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Ronald J. Stupak, 1934 - 2018

NCSC celebrates the life of Ronald J. Stupak, Ph.D., educator, lecturer, and long-time supporter of the National Center for State Courts, who passed away Saturday, May 5, in San Ramon, California.  

Dr. Stupak built a career focused primarily on organizational leadership, teaching at Miami University in Oxford, Ohio; the University of Southern California; and Mount Vernon College, Washington, D.C. Through his work, he became closely involved with the National Center’s work in court administration. Dr. Stupak was inducted into NCSC’s Warren E. Burger Society in 1996, and served as an NCSC Distinguished Scholar in Residence from 1994 – 95.

NCSC President Mary McQueen said Dr. Stupak’s impact will be felt for years. “Ron changed so many lives and his wisdom continues to be passed forward.  I know he spoke into my life and I am a better leader, a better friend and a better person for knowing him.”

In 2000, Dr. Stupak talked about his commitment to NCSC: “I am a strong and loyal supporter of the National Center because on societal, organizational, and personal levels, the National Center stands for and is anchored in every basic value that I cherish, believe, and follow … the National Center has given me the opportunity to be interactively involved in the ongoing dialogue about the improvements needed in the leadership and management of the courts.” 

In 2010, Dr. Stupak served as moderator of the 4th National Symposium on Court Management, hosted by NCSC and held in Williamsburg, VA.

NCSC in the news

Litigation Finance Disclosure in the US: Common Sense and False Narratives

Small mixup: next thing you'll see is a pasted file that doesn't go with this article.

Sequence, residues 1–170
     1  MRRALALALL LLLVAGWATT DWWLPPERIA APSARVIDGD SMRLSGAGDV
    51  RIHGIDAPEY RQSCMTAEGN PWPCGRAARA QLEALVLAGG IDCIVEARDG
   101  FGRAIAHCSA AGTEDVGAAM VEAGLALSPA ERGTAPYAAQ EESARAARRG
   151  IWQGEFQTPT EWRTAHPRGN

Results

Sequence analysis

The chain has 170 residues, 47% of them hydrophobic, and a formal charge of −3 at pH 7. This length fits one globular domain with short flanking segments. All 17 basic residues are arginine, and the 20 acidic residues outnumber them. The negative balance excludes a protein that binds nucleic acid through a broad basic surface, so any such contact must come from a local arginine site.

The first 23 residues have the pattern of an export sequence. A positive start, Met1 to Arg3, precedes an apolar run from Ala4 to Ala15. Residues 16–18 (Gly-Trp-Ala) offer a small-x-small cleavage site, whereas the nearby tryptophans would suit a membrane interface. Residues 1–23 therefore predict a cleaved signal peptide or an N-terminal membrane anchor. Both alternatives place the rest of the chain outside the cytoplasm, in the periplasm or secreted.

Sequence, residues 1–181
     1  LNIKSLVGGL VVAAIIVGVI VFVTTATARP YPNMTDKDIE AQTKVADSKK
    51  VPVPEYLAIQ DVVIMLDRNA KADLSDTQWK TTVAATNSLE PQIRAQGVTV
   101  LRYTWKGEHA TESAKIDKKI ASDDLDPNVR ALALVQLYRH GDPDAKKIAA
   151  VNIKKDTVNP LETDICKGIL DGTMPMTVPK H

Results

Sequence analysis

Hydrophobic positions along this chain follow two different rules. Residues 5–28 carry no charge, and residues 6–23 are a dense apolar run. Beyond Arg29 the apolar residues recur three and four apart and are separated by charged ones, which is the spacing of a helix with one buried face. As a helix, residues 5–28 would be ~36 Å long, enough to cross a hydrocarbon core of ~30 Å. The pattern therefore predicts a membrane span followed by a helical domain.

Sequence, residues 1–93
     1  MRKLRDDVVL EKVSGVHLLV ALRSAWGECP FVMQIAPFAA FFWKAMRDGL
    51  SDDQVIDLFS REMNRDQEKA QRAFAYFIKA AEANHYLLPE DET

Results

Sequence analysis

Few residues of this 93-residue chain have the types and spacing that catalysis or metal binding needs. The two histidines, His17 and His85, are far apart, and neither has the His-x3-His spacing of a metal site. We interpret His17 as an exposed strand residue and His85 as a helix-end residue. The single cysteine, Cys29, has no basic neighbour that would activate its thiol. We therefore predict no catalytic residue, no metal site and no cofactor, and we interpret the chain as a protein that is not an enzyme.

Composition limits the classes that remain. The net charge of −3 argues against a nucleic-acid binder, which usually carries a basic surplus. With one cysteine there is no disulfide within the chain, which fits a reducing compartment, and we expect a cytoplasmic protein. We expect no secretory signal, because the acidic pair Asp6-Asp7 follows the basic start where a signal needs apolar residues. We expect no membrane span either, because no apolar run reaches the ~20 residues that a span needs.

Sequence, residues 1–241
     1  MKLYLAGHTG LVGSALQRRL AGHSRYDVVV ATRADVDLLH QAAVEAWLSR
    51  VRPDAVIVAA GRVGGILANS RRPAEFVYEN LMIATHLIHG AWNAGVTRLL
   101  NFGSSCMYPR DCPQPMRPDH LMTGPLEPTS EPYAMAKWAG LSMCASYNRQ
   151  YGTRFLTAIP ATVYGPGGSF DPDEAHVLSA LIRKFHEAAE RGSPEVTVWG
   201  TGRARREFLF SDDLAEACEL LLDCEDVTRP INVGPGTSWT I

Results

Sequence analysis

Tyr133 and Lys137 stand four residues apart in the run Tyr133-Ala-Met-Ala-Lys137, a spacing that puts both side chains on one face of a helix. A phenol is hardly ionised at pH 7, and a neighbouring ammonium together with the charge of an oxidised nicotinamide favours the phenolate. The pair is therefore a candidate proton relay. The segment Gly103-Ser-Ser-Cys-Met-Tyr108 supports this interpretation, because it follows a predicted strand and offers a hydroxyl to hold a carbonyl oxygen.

The one exception is Wisconsin, whose state legislature in March 2018 passed a law requiring parties in all civil litigation to disclose funding arrangements. The Wisconsin law appears to be an unintentional overreach from an effort to regulate consumer litigation funding. As Wisconsin is hardly a leader in commercial litigation, representing just 0.11 percent of civil matters filed in all US state courts (according to data provided by the Wisconsin Court Systems and the National Center for State Courts), its outlying position is unlikely to have any real effect. Read the full story from Big Law Business.

Why It’s Hard to Protect Domestic-Violence Survivors Online

In 1994, the National Center for State Courts conducted a study of 285 women in three cities—Denver, Colorado; Washington, D.C.; and Wilmington, Delaware—who had obtained temporary or permanent orders of protection against their abusive male partners. More than half said that, in advance of the restraining order, they had been beaten or choked; a sizable majority reported being slapped, grabbed, shoved, or kicked; and 99 percent reported being intimidated through threats, stalking, or harassment. Read the full story in the Atlantic.


News releases

Dr. Pamela Casey named NCSC’s Vice President of Research

Pamela Casey, Ph.D., principal court research consultant, has been named the next Vice President of Research for the National Center for State Courts (NCSC). Dr. Casey will succeed Dr. Thomas Clarke, who has announced his retirement effective February 3, 2019. Dr. Casey will assume the position at the time of Dr. Clarke’s retirement, and the two will work closely for the next several months to ensure a smooth transition. Read the full press release.

NCSC teams up with Measures for Justice to develop court data standards

The National Center for State Courts (NCSC) and Measures for Justice today announced a new partnership to create comprehensive data standards for state and local courts.  In an important first step towards full data transparency, the new “National Court Open Data Standards Project” will facilitate and accelerate safe access to county-level court data. Read the full press release.